Simon Kinberg directs a shaky, dated girl-power actioner that wastes its overqualified cast.
I’ll say this for Simon Kinberg: he’s got to be just about the nicest man in show business. After all, how do you get a second chance at the director’s chair after the unmitigated disaster that was X-Men: Dark Phoenix? According to interviews, he only got that gig at the insistence of Jennifer Lawrence, who would only do the film with him in charge (he was reportedly very easy to work with when Bryan Singer went AWOL on X-Men Apocalypse, forcing Kinberg to pick up the baton). While working on Dark Phoenix, Jessica Chastain approached Kinberg with the idea of starring in and producing a female-led spy franchise a la Mission: Impossible; and so we have The 355, a film seemingly tailor-made to be the kind of mid-budget dross we get every January. Look out, Liam Neeson, you’ve got competition!
The script, penned presumably over a weekend by Theresa Rebeck and Bek Smith, reads like the pilot of a TNT spy series: a doodad (the kind that can hack into anything and “start World War 3,” as these things do) is intercepted during a raid on a Colombia drug kingpin and ends up in the hands of a rogue DNI agent (Edgar Ramirez). Tasked with its recovery is Mason “Mace” Browne (Chastain), the CIA’s loosest of cannons, who has a burgeoning thing going on with her partner Nick (Sebastian Stan). Naturally, their first attempt to snatch the drive goes awry, leading to Nick’s apparent death. Driven by revenge and quickly burned by her government, she seeks the help of some unlikely allies: no-nonsense German agent Marie Schmidt (Diane Kruger), British cyberhacker Khadijah (Lupita Nyong’o), and DNI psychologist Graciela (Penelope Cruz), who’s loosely connected to Ramirez’s character. (Eventually, Fan Bingbing‘s mercurial MSS agent comes on board as well, but good luck caring.)
What follows is a mess of convoluted plot twists and airport-novel contrivances, as our reluctant team of excommunicated spies dart from one location to the next, tracking the drive from one place to another as it moves hands faster than a game of hot potato. They head to Morocco, where Nyong’o (as the cast’s only Black woman) has to wear a hijab to go undercover. Then it’s over to Shanghai, where they’ve got to get dressed up, Ocean’s 8 style, to infiltrate a secret auction. Mace is betrayed by the person she trusts the most, and every other scene is interrupted by a dozen men bursting into a room with machine guns. The actual story beats are immaterial, and neither Kinberg nor the screenwriters seem to care where they go or if they make sense over their wearying two-hour runtime.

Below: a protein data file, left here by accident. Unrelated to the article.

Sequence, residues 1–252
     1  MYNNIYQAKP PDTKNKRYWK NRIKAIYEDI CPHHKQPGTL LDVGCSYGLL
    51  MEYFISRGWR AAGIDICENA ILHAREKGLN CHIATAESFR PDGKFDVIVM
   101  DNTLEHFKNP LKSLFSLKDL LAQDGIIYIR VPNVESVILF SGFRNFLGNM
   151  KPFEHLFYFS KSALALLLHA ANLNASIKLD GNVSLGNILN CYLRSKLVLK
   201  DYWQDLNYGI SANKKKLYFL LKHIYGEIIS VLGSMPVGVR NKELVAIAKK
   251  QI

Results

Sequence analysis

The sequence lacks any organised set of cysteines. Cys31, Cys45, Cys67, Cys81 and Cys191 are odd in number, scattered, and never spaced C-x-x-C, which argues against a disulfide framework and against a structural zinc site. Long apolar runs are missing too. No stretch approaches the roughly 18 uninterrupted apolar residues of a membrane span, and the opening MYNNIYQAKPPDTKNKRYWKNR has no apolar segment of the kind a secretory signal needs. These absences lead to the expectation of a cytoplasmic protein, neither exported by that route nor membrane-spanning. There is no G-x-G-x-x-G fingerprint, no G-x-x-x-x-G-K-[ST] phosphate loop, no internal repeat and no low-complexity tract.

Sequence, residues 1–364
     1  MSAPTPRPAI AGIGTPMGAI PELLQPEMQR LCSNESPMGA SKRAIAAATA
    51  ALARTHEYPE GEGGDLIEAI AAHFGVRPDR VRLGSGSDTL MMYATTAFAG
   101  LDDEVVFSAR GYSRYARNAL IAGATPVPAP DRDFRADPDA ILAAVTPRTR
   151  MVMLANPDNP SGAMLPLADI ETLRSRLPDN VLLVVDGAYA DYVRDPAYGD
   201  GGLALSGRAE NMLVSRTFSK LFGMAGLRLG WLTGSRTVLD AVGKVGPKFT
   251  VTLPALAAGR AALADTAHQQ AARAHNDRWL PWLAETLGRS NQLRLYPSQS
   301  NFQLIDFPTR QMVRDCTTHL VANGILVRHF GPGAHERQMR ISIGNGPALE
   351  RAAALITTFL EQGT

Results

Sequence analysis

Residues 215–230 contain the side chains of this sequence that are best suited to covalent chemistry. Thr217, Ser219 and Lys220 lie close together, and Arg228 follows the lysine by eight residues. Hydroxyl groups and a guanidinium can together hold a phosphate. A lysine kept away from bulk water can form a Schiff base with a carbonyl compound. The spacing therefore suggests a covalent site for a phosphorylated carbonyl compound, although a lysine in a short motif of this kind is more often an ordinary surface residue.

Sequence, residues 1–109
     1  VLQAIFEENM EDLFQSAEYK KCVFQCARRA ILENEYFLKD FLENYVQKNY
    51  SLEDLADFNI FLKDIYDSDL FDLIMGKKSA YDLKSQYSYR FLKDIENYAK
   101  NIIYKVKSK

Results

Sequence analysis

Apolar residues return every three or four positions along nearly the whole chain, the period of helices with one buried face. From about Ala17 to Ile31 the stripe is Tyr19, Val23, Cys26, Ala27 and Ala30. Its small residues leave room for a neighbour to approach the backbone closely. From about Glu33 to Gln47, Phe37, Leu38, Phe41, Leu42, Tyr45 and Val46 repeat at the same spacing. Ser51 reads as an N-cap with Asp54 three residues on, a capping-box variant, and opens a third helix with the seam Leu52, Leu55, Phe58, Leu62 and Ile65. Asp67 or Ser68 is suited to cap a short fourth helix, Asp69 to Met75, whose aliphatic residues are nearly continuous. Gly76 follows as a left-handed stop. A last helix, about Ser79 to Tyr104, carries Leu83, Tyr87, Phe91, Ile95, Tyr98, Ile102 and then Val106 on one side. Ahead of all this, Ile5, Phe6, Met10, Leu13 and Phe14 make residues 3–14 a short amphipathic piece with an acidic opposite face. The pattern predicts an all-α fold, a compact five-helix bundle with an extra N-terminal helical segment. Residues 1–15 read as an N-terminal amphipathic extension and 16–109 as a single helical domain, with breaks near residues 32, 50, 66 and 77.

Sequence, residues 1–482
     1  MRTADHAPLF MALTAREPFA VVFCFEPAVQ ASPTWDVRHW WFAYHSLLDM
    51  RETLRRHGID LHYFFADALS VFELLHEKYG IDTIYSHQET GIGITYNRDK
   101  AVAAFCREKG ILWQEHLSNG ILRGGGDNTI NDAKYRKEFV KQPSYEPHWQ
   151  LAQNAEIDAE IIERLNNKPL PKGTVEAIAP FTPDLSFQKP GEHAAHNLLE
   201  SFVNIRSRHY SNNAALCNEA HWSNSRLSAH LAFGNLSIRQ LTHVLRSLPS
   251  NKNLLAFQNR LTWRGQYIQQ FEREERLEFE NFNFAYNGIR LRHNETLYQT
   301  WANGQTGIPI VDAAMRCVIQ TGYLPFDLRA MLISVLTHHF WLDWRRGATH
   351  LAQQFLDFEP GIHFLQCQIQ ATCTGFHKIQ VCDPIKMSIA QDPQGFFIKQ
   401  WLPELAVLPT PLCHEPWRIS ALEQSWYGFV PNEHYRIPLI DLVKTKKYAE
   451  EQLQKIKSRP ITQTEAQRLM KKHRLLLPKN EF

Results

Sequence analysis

To be fair, it’s not like the kinds of January actioners The 355 emulates had the most air-tight scripts either, but at least they occasionally made up for it with some inventive practical action. And to their credit, Chastain and co. seem up for the task: They kick and punch and shoot machine guns with the best of them, and there are some practical stunts that should theoretically wow. That is, if Kinberg and cinematographer Tim Maurice-Jones didn’t fog them up with sub-Greengrass handheld photography and pedestrian setups that further emphasize the whole TV-pilot feel of the thing. (Editors John Gilbert and Lee Smith are likely the most to blame, obscuring the film’s few competent setups with Taken 3-level cutting that chops these sequences to within an inch of their lives.) Even composer Tom Holkenborg is asleep at the wheel here, content to simply bang on the drums for two hours without building the kinds of unexpected thematic layering we expect of his scores.